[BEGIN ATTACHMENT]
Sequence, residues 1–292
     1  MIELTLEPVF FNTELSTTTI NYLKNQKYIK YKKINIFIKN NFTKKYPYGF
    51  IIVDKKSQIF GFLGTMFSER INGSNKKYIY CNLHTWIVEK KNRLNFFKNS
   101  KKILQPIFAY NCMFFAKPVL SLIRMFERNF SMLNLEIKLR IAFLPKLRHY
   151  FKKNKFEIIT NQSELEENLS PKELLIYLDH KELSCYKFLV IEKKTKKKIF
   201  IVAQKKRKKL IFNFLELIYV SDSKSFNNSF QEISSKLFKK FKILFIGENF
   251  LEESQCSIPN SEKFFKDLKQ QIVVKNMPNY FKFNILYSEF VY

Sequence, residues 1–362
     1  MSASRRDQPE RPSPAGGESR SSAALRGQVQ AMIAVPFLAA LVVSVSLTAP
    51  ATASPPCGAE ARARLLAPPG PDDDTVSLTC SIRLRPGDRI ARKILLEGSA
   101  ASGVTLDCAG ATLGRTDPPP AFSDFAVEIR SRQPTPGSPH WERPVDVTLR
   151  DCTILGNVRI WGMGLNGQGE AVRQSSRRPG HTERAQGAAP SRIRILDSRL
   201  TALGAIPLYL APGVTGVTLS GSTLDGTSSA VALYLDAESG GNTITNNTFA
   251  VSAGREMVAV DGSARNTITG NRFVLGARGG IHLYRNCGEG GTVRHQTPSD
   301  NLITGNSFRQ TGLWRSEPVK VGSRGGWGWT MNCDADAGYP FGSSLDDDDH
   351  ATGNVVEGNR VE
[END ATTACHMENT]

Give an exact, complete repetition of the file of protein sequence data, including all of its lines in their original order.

Sequence, residues 1–292
     1  MIELTLEPVF FNTELSTTTI NYLKNQKYIK YKKINIFIKN NFTKKYPYGF
    51  IIVDKKSQIF GFLGTMFSER INGSNKKYIY CNLHTWIVEK KNRLNFFKNS
   101  KKILQPIFAY NCMFFAKPVL SLIRMFERNF SMLNLEIKLR IAFLPKLRHY
   151  FKKNKFEIIT NQSELEENLS PKELLIYLDH KELSCYKFLV IEKKTKKKIF
   201  IVAQKKRKKL IFNFLELIYV SDSKSFNNSF QEISSKLFKK FKILFIGENF
   251  LEESQCSIPN SEKFFKDLKQ QIVVKNMPNY FKFNILYSEF VY

Sequence, residues 1–362
     1  MSASRRDQPE RPSPAGGESR SSAALRGQVQ AMIAVPFLAA LVVSVSLTAP
    51  ATASPPCGAE ARARLLAPPG PDDDTVSLTC SIRLRPGDRI ARKILLEGSA
   101  ASGVTLDCAG ATLGRTDPPP AFSDFAVEIR SRQPTPGSPH WERPVDVTLR
   151  DCTILGNVRI WGMGLNGQGE AVRQSSRRPG HTERAQGAAP SRIRILDSRL
   201  TALGAIPLYL APGVTGVTLS GSTLDGTSSA VALYLDAESG GNTITNNTFA
   251  VSAGREMVAV DGSARNTITG NRFVLGARGG IHLYRNCGEG GTVRHQTPSD
   301  NLITGNSFRQ TGLWRSEPVK VGSRGGWGWT MNCDADAGYP FGSSLDDDDH
   351  ATGNVVEGNR VE